So inflation--the discredit in front of the public eyes of those fake reformists--disorder out of demogagery and corruption--made the military intervene to reestablish law and order. But as very often happens, as soon as the military was in power they forgot about their previous commitments and there developed a sort of a lust for power in a minority of the armed forces. But a group that is dominant. And they got together with a few American business groups and they are dominating the country now.

The Military

What do you think the effect the coalition between what you call the "American business" groups and military leaders will be?

I think they will go to pieces. Because I don't think they can control any more a country such as Brazil, with about 80 million people. It's too big to be controlled by a clique, by caste, or any way by a dominant group without any commitment towards democracy.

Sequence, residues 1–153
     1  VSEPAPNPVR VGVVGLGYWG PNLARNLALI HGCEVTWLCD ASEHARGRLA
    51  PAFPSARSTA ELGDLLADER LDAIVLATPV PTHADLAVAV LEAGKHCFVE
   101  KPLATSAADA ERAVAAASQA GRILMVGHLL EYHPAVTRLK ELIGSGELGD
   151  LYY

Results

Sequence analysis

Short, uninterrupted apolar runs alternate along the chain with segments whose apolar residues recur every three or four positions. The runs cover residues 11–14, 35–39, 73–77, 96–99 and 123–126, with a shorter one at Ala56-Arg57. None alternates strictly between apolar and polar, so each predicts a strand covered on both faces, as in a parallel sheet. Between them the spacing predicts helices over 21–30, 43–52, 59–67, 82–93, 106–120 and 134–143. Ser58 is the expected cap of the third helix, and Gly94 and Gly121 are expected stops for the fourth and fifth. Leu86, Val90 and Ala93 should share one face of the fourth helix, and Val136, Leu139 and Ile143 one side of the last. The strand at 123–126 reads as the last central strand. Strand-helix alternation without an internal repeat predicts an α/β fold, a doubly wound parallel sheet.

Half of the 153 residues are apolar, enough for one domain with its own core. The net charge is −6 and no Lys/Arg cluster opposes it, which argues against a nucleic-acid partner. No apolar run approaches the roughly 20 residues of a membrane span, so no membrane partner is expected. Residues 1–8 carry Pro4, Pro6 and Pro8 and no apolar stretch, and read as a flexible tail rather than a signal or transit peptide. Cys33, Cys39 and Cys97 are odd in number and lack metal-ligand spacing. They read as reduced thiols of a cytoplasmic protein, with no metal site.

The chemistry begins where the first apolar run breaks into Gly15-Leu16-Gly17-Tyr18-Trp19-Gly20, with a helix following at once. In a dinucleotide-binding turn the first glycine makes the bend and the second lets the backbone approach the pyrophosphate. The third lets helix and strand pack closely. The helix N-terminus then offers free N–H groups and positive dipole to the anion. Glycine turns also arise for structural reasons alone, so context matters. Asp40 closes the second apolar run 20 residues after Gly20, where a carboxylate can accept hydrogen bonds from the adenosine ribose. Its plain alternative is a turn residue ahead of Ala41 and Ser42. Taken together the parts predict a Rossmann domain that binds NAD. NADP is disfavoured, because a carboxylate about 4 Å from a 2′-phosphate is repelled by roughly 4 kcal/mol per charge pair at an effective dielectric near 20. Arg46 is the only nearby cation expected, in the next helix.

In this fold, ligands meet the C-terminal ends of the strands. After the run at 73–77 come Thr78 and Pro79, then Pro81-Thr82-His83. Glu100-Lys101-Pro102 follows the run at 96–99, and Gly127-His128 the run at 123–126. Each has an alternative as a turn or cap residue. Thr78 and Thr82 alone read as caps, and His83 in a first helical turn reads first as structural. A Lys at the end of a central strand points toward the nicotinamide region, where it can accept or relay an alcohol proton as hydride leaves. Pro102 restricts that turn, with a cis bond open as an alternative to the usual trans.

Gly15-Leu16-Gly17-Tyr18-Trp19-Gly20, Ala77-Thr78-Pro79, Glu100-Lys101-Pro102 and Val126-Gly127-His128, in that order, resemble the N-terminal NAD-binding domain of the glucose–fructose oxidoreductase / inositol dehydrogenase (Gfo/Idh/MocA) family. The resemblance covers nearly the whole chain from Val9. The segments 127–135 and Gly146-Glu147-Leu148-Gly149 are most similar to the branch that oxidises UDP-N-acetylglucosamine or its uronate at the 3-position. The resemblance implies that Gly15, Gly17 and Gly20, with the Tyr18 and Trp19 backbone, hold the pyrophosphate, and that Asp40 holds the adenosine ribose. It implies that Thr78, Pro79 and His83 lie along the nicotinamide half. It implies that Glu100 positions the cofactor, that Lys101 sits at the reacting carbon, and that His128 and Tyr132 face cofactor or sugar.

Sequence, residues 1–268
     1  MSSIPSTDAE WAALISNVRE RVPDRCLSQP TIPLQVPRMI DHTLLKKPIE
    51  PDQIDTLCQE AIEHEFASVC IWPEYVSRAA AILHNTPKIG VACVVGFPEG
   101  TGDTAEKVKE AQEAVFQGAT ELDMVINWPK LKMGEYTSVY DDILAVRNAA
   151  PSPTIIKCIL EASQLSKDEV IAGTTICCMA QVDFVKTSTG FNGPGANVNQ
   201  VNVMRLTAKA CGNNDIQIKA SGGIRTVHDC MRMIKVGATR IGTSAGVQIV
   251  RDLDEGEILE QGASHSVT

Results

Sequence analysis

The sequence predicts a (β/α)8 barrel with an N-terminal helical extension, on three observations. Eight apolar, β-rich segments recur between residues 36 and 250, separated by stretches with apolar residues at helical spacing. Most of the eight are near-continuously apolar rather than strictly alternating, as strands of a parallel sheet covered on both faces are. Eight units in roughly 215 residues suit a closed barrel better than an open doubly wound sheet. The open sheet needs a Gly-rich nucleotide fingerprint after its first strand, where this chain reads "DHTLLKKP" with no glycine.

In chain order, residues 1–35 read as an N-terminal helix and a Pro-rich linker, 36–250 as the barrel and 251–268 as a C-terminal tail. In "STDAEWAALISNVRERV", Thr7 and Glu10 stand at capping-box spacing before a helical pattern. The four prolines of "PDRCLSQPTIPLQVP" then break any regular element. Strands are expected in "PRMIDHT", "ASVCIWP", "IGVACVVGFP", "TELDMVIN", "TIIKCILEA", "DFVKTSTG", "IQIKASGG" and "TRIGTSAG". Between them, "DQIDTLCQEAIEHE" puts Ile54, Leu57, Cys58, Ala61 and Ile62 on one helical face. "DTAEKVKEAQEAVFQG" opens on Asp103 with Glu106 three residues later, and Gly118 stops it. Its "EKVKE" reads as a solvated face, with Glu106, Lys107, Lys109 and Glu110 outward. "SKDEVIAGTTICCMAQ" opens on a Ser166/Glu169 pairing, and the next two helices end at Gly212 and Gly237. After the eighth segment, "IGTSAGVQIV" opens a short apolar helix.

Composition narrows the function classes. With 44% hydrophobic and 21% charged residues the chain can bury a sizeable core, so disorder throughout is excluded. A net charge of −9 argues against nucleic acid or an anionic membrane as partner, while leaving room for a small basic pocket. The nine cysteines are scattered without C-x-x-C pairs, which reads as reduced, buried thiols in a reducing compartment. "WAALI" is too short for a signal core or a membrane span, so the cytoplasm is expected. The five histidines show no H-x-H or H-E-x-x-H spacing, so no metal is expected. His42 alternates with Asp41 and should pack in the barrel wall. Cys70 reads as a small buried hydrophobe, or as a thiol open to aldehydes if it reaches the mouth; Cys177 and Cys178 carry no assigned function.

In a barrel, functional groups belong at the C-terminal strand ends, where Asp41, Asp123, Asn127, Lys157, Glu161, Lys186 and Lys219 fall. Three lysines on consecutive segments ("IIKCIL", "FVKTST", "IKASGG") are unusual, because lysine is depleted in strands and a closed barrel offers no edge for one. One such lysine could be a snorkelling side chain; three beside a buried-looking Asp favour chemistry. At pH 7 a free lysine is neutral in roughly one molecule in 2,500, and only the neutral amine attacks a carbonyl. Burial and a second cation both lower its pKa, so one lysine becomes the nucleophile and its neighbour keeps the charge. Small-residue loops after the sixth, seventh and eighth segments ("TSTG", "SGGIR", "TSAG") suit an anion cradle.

It seems to me--I must clarify this point, I think--it's not the fact that they are corrupt or sold out to "Standard Oil," or anything of that kind. That is not what I am trying to point out. It's that the military believe in something that is out-dated in your eyes, and in the eyes, I believe of the majority of all people.

For instance, they believe that a Third World War is absolutely inevitable. By so believing, they do believe that we shall take the side of the United States as the side of good as against the side of evil. It's a sort of a good and evil, a sort of a "robbers and cops" game--the cop being America and the robbers being 'Russia or China if you wish.

This type of thinking is basically military deformation; since they are in power, they think that war is always inevitable.